Chart of the Week: European private debt assets hit record $200bn
The European private debt industry has expanded again this year in terms of total assets, despite lower fundraising levels than last year, according to new data.
Alternatives firm Preqin released new figures for the sector showing that Europe-focused private debt assets had reached $200bn (€178bn) so far this year. The industry was set to expand further as it benefited from being less crowded than its North American counterpart, the data firm said.
The number of active private debt investors targeting Europe has risen to 1,755 so far this year, up from 1,515 in the whole of 2017, according to Preqin’s new data.
Last year was a record-breaking year for private debt fundraising, Preqin said, with 56 funds closing having raised $45bn.
So far in 2018, 35 Europe-focused private debt vehicles have closed, raising $27bn.
Total Europe-focused private debt assets under management were higher in the year so far than for the whole of the previous year, rising to $200bn, up from $188bn in 2017.
Tom Carr, head of private debt at Preqin, said: “Europe is of abiding interest to private debt investors and fund managers alike – although it is a developed credit market with lots of opportunities for investment, it is not as saturated with industry participants as the North American market.”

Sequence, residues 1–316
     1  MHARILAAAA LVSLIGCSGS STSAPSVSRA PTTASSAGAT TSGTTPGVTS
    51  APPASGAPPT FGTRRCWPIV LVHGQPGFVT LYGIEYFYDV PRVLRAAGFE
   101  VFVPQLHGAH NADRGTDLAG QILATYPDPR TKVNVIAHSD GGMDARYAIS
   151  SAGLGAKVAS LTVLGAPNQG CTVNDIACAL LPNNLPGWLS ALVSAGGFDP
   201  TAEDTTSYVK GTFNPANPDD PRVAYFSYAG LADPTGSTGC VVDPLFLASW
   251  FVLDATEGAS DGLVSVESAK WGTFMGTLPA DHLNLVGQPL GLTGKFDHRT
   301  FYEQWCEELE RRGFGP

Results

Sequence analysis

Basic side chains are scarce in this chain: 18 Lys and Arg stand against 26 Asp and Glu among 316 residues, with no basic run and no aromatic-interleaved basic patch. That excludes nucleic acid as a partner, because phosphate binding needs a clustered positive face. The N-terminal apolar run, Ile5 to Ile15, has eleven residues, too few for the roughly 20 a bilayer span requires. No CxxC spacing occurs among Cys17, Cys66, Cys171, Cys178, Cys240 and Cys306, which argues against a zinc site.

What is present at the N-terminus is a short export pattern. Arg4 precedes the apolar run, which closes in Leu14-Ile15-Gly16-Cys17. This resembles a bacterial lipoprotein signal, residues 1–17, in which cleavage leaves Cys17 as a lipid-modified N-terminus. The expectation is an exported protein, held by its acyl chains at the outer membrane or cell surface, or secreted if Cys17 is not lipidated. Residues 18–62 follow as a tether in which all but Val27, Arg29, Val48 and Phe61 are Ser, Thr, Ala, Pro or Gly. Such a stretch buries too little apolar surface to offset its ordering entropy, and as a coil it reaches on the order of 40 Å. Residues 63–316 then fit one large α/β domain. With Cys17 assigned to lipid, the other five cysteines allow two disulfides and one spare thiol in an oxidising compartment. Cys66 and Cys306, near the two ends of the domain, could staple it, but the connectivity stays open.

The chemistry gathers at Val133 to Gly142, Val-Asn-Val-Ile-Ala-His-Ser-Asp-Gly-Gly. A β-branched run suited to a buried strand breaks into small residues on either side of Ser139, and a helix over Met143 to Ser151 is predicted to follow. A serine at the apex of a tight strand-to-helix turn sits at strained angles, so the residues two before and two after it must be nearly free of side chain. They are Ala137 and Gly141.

He said this had created the ideal circumstances for growth in the sector that did not seem likely to recede anytime soon.
“With the majority of investors citing Europe as a continued area of interest, we can expect to see capital keep flowing to the region in the coming months,” he said.
Of the $200bn of total private debt assets, Preqin said $126bn was unrealised value and $74bn was dry powder.
Direct lending assets accounted for almost half of all Europe-focused private debt assets under management as at November 2018, the data showed, totalling $97bn.
This was followed by distressed debt with $48bn under management, mezzanine at $32bn and special situations at $23bn.
Venture debt, meanwhile, accounted for $1bn of assets under management.